Haiti's Presidential Hopefuls Face Hopeless Voters
Haitians go to the polls Sunday in what some people are calling its most important election ever. The new president will have to deal with the cholera outbreak, more than a million earthquake survivors who are still living in camps, and rebuilding what was already the poorest country in the hemisphere. But first, there's another hurdle: Many Haitians say they're just not interested in the election.
The Haitian presidency even in the best of times has been a dangerous, thankless job. Ever since independence in 1804, Haiti's leaders have been assassinated, have mysteriously died in office or have been deposed by enemies foreign and domestic. The current president, Rene Preval, during his first administration became only the second man in Haiti's history to complete a full, elected term.
Despite the hazards, 19 candidates this year are vying for the job. And so far, none has emerged as the clear favorite.
The most colorful is Michel Martelly, a popular, flamboyant musician known as "Sweet Micky." The novice politician has gained a following particularly among young Haitians.
"I want to see hope in the Haitian kids," Martelly says. "I don't want to see kids as young as 5 years old carrying buckets of water in the streets begging for money, taking their clothes off to wipe people's cars in order to have food. I want to change things."
Martelly is up against several veteran Haitian politicians, a powerful member of the business class and an evangelical preacher. One of the leading candidates is Jude Celestin, the head of the national construction company. Celestin is running under Preval's INITE or “unity” party. He gained visibility immediately after the earthquake, as his construction crews were involved in rescues and clearing the streets.
And then there's former first lady Mirlande Manigat, who says she would be a completely new type of Haitian president.
"I would say first of all I am a woman," she says, "and that is a very, very powerful factor that goes beyond my personality."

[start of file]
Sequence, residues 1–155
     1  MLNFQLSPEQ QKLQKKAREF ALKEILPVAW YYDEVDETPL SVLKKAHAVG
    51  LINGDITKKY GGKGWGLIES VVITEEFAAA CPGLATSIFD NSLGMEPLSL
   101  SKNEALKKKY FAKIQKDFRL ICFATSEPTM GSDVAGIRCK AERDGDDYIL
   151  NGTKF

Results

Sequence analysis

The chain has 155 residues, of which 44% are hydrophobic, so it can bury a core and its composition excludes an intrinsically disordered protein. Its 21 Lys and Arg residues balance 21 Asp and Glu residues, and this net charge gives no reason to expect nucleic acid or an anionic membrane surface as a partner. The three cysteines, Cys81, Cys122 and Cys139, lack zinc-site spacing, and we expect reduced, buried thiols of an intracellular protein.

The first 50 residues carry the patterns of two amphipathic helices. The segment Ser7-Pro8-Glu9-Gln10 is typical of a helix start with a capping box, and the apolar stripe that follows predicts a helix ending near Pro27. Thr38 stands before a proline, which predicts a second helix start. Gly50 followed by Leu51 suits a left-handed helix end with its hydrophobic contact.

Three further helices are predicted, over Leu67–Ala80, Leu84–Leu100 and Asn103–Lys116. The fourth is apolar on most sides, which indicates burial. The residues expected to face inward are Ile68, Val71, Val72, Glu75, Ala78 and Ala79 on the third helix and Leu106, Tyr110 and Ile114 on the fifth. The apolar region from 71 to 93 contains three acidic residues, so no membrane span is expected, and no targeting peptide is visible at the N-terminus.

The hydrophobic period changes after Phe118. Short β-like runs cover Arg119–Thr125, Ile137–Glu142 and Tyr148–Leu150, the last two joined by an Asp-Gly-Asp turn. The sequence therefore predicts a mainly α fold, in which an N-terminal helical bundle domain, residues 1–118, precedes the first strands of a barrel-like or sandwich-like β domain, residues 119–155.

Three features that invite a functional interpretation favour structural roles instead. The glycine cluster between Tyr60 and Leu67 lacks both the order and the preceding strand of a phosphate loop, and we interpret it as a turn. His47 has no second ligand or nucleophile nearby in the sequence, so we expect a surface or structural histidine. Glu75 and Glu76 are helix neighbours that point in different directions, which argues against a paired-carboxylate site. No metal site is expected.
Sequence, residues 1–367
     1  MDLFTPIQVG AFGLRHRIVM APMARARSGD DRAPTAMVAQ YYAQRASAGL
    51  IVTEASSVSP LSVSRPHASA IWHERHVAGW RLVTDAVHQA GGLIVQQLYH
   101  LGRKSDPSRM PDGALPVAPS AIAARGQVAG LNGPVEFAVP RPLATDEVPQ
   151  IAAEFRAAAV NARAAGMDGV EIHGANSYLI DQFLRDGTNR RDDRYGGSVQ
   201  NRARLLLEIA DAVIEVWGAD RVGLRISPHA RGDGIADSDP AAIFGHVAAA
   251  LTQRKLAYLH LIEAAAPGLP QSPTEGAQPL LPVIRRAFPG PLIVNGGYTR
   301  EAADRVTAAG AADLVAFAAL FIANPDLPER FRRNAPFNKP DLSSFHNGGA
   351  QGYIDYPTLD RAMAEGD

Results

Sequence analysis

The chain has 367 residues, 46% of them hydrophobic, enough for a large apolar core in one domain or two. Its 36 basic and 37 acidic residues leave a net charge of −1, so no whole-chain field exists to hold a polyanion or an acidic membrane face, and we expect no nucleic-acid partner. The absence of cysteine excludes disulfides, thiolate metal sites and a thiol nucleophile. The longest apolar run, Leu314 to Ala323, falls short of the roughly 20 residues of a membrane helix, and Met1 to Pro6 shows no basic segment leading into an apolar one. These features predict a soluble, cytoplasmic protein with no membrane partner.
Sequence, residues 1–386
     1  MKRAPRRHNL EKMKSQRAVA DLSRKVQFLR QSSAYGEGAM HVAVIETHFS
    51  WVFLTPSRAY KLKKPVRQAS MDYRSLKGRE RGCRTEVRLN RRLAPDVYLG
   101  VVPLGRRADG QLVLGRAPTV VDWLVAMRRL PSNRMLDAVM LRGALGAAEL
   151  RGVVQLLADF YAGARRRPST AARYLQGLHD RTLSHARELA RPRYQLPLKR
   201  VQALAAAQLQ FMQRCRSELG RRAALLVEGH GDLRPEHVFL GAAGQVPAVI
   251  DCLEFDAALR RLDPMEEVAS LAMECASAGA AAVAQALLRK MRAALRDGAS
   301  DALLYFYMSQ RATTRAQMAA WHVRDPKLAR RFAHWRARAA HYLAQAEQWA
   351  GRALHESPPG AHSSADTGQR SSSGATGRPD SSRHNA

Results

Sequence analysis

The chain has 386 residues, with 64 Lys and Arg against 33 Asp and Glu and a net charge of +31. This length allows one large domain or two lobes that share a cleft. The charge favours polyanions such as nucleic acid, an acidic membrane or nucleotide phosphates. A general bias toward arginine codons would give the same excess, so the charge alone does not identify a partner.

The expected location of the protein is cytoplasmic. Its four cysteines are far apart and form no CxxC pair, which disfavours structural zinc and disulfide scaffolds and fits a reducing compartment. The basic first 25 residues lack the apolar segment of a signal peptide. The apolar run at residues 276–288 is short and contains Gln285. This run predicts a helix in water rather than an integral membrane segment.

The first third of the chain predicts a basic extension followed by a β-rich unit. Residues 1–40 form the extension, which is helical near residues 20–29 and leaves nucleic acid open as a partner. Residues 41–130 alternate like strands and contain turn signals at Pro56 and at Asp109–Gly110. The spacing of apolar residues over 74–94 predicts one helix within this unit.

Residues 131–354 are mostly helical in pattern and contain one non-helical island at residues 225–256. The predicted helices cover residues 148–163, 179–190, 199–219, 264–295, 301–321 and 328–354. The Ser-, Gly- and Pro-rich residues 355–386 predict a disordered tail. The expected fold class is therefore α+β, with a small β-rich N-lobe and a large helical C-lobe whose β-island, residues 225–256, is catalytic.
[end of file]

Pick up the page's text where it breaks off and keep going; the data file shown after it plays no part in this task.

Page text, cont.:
If she wins, Manigat would be the first woman elected to lead Haiti.
Manigat says that as a grandmother and the dean of a prestigious private university, Haitians trust her.
Many ordinary Haitians, however, say they have little interest in this election and little hope that a new president can improve their lives.
Former Defense Minister Patrick Elie says he has written off the upcoming polls entirely. Sitting in a simple outdoor bar under a canopy of almond and mango trees, he says the current candidates lack ideas, programs, leadership and courage.
"We can't be pussyfooting around some of the serious problems that we are facing," he says.
The capital is destroyed, and cholera is spreading more rapidly every day. He points out that disputes over land ownership have stifled efforts to move the more than a million earthquake survivors out of the tent encampments.
"Nobody has a solid claim to the land, and the state doesn't have the balls to simply requisition the land," Elie says. "We're going to have to make these choices, hard as they are."
Elie says Haitians right now need a Nelson Mandela or a Martin Luther King Jr., but he says that's not what they're being offered.
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